Maybe you don’t know about me, unless you read Feed the Goat: The Shaun Goater Story, but that ain’t no matter. That book was made by Mr David Clayton, and he told the truth, mainly, but there’s much more to tell. I was quick and I could run with the ball and I did well at Coventry City with Dion Dublin. When Leeds United paid £6million for me, I was rich.
But when you got into the squad you couldn’t go right to playing. First you had to wait for the manager to shake his head at Mark Viduka’s weight, Michael Bridges’ injuries and Alan Smith’s temper. It was deadly dull and I got fidgety. As I sat on the bench, Mr O’Leary would say, ‘Don’t hunch up like that Huckerby’. O’Leary kept pecking at me for not scoring enough goals and it got tiresome. All I wanted was to go somewheres and I warn’t particular about where.
When I couldn’t stand it no longer, I lit out for Manchester City. Alf-Inge Haaland, he hunted me up and said he was going to start a band of winners, and I might join if I could follow the rules. We had to swear an oath and write our names in blood. It swore everyone to play for the team, and never dribble blindly towards the corner flag; and if anyone was in space, whoever had the ball must pass it to them. Everybody said it was a real beautiful oath, but it had me worried. Then Stuart Pearce says:
‘Here’s Huckerby, he don’t know the offside rule – what you going to do ‘bout him?’
‘Well, hain’t he a striker?’ says Alf-Inge.
‘Yes, he’s a striker, but you can’t never find him onside,’ says Psycho.
They talked it over, and they was going to drop me, because every player must know the offside rule, particularly a striker. Nobody could think of anything to do and I was most ready to cry. So I offered to learn the offside rule and stay onside from time to time.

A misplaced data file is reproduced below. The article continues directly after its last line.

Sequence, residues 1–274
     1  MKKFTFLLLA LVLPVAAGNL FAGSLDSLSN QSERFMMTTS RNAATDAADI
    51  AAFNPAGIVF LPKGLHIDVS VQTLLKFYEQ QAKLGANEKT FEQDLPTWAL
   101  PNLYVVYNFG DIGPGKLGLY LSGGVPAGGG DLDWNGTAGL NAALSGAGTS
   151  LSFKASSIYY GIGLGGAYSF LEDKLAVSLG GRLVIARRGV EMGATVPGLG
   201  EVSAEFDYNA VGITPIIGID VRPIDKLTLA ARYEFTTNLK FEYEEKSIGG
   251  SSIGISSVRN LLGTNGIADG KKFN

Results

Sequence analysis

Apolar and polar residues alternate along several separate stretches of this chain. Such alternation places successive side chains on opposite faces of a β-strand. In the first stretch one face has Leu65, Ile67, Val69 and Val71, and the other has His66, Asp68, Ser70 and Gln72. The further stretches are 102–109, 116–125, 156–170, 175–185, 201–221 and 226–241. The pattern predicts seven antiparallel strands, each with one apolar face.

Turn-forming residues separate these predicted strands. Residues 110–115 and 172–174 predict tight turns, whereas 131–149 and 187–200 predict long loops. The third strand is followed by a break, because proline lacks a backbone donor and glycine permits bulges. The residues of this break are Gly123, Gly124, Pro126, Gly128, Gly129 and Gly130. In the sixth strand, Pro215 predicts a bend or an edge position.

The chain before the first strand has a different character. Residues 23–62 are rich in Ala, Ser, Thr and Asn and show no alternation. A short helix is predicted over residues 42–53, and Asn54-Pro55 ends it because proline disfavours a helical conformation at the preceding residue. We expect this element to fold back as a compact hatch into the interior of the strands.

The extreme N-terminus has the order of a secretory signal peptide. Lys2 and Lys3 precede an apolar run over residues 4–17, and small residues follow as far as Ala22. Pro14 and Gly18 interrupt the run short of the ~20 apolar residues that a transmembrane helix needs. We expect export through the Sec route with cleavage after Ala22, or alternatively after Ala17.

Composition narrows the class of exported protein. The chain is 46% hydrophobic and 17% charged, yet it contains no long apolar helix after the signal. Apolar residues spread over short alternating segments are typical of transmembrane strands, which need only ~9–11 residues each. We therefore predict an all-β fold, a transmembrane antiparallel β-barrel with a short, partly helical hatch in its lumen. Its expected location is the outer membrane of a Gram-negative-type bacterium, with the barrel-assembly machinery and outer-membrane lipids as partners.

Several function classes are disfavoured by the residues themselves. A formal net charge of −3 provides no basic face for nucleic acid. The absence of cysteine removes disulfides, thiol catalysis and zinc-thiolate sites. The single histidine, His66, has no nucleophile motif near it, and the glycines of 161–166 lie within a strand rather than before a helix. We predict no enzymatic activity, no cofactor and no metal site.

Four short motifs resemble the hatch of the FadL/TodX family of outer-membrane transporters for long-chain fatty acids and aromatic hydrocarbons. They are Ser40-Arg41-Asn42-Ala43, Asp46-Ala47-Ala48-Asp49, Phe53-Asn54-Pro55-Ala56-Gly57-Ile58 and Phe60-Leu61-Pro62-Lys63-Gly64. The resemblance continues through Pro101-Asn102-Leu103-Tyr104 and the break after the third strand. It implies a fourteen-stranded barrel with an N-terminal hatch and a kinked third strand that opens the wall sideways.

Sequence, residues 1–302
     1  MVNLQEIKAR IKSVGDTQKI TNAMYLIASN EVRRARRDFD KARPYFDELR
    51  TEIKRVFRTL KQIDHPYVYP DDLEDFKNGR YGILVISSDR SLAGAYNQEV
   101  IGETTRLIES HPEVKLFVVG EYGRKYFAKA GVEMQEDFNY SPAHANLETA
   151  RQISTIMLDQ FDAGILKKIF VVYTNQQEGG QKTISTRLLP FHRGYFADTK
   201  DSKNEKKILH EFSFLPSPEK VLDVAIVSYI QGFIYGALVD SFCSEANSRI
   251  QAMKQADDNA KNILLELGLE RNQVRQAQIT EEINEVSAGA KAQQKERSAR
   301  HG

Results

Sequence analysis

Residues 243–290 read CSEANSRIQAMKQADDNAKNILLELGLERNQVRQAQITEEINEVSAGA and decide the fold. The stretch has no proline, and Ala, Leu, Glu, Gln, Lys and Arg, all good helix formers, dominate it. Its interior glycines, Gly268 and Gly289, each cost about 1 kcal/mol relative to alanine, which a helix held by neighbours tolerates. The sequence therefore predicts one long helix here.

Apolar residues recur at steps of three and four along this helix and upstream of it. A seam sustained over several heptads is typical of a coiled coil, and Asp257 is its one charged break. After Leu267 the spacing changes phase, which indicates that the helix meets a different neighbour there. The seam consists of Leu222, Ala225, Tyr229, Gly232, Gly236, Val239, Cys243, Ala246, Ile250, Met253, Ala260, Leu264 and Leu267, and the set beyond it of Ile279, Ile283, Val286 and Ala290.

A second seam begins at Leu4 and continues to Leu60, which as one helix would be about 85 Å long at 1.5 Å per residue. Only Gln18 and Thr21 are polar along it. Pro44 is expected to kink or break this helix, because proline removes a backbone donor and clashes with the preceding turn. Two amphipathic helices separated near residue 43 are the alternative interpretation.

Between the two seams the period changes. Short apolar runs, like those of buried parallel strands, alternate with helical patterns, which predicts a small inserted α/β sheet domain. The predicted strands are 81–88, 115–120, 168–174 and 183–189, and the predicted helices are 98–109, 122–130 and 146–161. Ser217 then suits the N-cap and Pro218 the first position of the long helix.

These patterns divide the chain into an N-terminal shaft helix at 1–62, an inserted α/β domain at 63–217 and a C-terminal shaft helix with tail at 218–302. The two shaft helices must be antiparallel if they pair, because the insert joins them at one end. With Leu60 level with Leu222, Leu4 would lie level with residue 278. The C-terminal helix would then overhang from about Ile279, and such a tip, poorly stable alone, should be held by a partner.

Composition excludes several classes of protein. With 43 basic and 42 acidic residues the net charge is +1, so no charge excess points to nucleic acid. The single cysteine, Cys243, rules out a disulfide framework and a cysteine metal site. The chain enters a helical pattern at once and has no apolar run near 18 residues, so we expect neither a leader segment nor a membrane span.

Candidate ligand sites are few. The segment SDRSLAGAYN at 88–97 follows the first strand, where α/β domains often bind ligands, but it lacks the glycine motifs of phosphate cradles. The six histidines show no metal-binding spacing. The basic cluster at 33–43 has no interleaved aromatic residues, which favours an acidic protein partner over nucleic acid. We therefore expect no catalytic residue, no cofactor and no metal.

Everybody said: ‘That’ll do. Huck can come in.’
I made my mark on the paper and collected my things. I went tip-toeing along to the Leeds Central railway station, and sure enough there was Shaun Goater waiting for me.
Now the way that Mr Clayton’s book winds up is this: I fed The Goat and he scored, and so did I, and Man City were champions of the First Division. Old Mr Keegan said I was coming along slow but sure, and doing very satisfactory. I was pretty-well-satisfied with myself too.
But then in the Premier League the old thing commenced again. We had Nicolas Anelka, Robbie Fowler and Jon Macken and I was back on the bench. It was kind of lazy and jolly for a bit, laying off comfortable all day, and no football to play. But how slow the time did drag along after a month. When I came on I couldn’t score a damn thing and I was offside most of the time. We had a mean young midfielder called Joey Barton and he liked to give me a good going-over.
‘Shucks, it ain’t no use to talk to you, Huckerby. You don’t seem to know anything – you’re a perfect sap-head.’
I was six years older and I had an England B cap but that didn’t mean a thing to him. Joey warn’t never in a good humor; that was just his natural self, especially when the liquor took him. I warn’t scared of him worth bothering about but he was always cussing me.
‘You know one season you was caught offside 98 times. You think you’re better’n the First Division, don’t you? I’ll take it out of you.’
I was dog-tired of everyone pecking at the same old problems – my hunchback run, the way I couldn’t never stay on my feet. No-one tried to understand what it was like to be in my shoes. It was dreadful lonesome warming the bench with Kevin Horlock and Carlo Nash.
Mr Keegan sent me on loan to Nottingham Forest and I did ok back in my home town. I felt kind of sore about everything at Man City but I knew it was time to move on for good. Mr Worthington at Norwich City wanted me and that was good enough for me. I just needed to find a way to leave before Joey knew I was gone.
One night, I took my two First Division winners medal and my England B cap and I put them in a suitcase; then I done the same with my signed Shaun Goater shirt, one of Jason Wilcox’s judo black belts and a prototype ‘Dube’ that Dion gave me. It was about dark, now; so I walked down to Manchester Piccadilly, and waited for the first train to Norwich to come.
I was pretty tired when I got to my seat. The first thing I knowed, I was asleep. When the ticket collector woke me up I didn’t know where I was. I set up and looked around, a little scared. Then I remembered. I was free from Joey and free from the Premier League with all its mean linesmen and decent defenders. I knowed I was all right now. I felt powerful lazy and comfortable, like when Mr Keegan left me on the bench for a few games.
When I got to Carrow Road I warn’t feeling very brash. I’d never been to Norfolk and didn’t know nobody there. I catched a glimpse of a man going into the changing room. I went for it, cautious and slow. It was Marc Edworthy!
‘Hello, Marc!’ I says and skipped out.
He ran up and stared at me wild. I was ever so glad to see my old Coventry teammate. I warn’t lonesome now.